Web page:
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Scalia, Cain, and the Machinery of Death





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Supreme Court Justice Antonin Scalia 
In 1992 a man named Leonel Herrera, sentenced to death for killing two policemen, asked for a hearing in the federal courts on the basis of recently revealed evidence which, he claimed, established his innocence. A federal court judge stayed his sentence; a panel of three judges of the U. S. Court of Appeals for the Fifth Circuit lifted the stay. Hours before his execution, Herrera appealed to the United States Supreme Court, which agreed to hear his case. Early in 1993, the court, in a six-three vote, ruled against him, and suggested that Mr. Herrera look for clemency from the governor of Texas. Herrera, who insisted upon his innocence until the last minute (“I am an innocent man, and something very wrong is taking place tonight.”), was executed four months later.

Composed in stolid prose with many citations of precedence, the court’s opinion in Herrera v. Collins was written by then Chief Justice William Rehnquist, but it is Senior Associate Justice Antonin Scalia’s concurring opinion, composed with caustic wit, which has become notorious both among those in favor of and those opposed to capital punishment. Scalia, who describes himself as an “originalist” in his interpretation of constitutional law, wrote, “There is no basis in text, tradition, or even in contemporary practice. . . for finding in the Constitution a right to demand judicial consideration of newly discovered evidence of innocence brought forward after conviction.”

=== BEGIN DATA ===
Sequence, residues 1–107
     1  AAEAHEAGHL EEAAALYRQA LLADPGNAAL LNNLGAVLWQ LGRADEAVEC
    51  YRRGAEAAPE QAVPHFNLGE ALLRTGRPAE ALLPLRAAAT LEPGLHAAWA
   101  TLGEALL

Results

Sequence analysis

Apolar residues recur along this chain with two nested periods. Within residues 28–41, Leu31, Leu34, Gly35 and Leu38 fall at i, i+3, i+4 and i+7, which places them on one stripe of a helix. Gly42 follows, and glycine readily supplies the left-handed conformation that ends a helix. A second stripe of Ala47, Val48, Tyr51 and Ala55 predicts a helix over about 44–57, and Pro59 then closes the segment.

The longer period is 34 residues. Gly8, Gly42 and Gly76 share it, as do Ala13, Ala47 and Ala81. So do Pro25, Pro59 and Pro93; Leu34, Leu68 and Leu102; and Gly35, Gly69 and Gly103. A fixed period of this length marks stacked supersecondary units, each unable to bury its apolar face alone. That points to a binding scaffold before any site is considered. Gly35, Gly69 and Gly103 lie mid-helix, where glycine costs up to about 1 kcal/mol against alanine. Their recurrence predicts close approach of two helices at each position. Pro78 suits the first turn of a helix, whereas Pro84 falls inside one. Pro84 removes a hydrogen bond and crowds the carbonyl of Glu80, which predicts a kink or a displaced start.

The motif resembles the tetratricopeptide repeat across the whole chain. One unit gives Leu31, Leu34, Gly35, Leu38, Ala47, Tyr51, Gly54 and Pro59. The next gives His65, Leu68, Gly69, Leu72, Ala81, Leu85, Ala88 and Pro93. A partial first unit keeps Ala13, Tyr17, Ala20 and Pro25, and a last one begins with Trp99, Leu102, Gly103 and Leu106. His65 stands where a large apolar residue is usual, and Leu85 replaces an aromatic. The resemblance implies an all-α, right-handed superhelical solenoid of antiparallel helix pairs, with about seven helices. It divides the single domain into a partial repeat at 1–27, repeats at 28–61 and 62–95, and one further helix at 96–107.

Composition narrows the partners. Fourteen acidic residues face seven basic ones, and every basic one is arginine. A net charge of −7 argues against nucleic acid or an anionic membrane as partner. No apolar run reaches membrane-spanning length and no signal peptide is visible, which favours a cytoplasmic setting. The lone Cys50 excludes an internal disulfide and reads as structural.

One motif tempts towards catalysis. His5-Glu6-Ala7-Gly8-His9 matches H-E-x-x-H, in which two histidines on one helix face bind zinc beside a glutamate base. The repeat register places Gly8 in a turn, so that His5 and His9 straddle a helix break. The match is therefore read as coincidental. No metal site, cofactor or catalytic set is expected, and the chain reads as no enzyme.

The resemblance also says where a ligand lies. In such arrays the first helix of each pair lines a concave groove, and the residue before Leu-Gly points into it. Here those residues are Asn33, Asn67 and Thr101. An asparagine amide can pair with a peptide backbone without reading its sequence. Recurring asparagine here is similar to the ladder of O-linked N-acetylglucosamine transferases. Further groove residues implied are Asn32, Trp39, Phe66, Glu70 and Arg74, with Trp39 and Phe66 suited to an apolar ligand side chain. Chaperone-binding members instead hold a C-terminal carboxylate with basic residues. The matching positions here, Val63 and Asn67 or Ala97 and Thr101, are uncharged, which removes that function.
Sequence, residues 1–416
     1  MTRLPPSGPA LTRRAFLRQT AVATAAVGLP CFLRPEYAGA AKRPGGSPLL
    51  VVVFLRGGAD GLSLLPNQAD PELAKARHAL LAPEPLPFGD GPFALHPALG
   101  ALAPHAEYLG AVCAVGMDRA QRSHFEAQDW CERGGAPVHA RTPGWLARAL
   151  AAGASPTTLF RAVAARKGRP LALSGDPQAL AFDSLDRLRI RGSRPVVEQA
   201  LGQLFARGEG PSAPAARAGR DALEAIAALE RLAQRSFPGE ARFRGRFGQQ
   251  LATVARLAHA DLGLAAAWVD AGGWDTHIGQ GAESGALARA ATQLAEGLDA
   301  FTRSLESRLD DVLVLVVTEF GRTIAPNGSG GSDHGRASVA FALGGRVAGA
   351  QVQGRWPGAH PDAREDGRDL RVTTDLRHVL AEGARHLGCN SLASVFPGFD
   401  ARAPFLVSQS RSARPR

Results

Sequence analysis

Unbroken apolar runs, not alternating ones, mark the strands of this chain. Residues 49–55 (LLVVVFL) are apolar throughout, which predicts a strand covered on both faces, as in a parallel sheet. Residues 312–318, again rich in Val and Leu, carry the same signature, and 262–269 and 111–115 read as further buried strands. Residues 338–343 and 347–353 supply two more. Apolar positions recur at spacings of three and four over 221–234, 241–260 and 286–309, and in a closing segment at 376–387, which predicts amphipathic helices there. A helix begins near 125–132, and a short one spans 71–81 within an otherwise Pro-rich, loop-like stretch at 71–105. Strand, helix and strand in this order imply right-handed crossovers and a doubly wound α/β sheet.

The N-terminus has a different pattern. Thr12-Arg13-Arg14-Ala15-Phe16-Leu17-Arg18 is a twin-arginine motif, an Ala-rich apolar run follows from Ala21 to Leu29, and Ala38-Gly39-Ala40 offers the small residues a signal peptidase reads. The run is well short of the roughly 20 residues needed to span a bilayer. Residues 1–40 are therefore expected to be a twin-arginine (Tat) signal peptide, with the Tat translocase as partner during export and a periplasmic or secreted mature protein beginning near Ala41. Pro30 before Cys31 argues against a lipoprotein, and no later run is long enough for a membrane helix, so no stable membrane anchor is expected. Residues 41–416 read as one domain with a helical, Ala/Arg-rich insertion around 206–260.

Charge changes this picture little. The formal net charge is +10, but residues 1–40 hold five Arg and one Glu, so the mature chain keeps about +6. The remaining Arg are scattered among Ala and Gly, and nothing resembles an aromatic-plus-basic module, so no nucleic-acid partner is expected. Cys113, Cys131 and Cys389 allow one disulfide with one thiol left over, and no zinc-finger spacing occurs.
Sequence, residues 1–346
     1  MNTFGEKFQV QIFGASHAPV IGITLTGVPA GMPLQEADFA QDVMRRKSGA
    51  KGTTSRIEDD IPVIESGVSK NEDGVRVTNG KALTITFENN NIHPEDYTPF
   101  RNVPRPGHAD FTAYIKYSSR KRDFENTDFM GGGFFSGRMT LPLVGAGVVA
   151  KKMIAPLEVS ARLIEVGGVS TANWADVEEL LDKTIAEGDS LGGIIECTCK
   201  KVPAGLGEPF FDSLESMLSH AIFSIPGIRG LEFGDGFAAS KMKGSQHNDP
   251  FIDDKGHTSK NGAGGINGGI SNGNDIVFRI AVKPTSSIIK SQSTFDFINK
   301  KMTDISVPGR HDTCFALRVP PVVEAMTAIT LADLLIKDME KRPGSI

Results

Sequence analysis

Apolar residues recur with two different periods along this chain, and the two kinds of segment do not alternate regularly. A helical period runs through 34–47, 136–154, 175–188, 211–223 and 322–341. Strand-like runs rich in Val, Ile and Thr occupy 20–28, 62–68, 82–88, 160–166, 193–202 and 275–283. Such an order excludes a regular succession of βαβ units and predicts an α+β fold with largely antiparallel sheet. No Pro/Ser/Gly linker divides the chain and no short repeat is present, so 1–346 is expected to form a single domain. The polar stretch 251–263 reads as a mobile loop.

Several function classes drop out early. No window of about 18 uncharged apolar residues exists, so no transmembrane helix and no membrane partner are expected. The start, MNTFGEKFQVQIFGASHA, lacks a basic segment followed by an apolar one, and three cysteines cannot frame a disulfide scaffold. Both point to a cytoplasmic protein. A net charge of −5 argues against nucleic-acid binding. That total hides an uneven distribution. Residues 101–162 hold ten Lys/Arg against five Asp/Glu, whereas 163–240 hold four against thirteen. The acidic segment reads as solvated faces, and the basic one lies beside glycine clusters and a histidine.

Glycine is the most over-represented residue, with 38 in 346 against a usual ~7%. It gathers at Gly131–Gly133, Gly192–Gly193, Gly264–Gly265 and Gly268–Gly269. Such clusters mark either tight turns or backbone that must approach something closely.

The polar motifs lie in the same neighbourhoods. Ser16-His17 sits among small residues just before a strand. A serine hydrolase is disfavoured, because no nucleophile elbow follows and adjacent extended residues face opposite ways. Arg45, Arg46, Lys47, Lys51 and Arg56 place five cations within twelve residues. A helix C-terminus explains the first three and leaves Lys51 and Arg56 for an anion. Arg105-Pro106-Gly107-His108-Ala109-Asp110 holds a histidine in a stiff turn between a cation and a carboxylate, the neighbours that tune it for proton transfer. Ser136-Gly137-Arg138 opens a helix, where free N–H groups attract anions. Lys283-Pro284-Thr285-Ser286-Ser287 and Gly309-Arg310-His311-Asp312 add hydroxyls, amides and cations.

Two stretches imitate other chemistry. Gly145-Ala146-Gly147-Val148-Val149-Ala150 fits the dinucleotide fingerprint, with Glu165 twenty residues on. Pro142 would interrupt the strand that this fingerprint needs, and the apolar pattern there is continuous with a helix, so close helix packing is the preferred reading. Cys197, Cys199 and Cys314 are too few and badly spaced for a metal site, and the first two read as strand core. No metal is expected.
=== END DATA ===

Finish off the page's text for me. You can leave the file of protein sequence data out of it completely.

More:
Dissenting in Herrera v. Collins, the late Justice Harry Blackmun wrote: “Nothing could be more contrary to contemporary standards of decency or more shocking to the conscience than to execute a person who is actually innocent. . . . We really are being asked to decide whether the Constitution forbids the execution of a person who has been validly convicted and sentenced, but who, nonetheless, can prove his innocence with newly discovered evidence.”

Joined by Justice Clarence Thomas, Justice Scalia offered mocking advice to the three dissenters (Blackmun, Stevens, and Souter): “If the [constitutional] system that has been in place for two-hundred years (and remains widely approved) ‘shocks’ the dissenters’ consciences .. . perhaps they should doubt the calibration of their consciences, or, better still, the usefulness of ‘conscience-shocking’ as a legal test.”

Those unfamiliar with Justice Scalia and his views, told he is a man capable of humor, may imagine that his own conscience is alive to the danger implicit in the moral disaster he recommends, that he doesn’t really mean to kill a potentially innocent man.

Not at all. He is serious, and his view is not without precedent. Continued...


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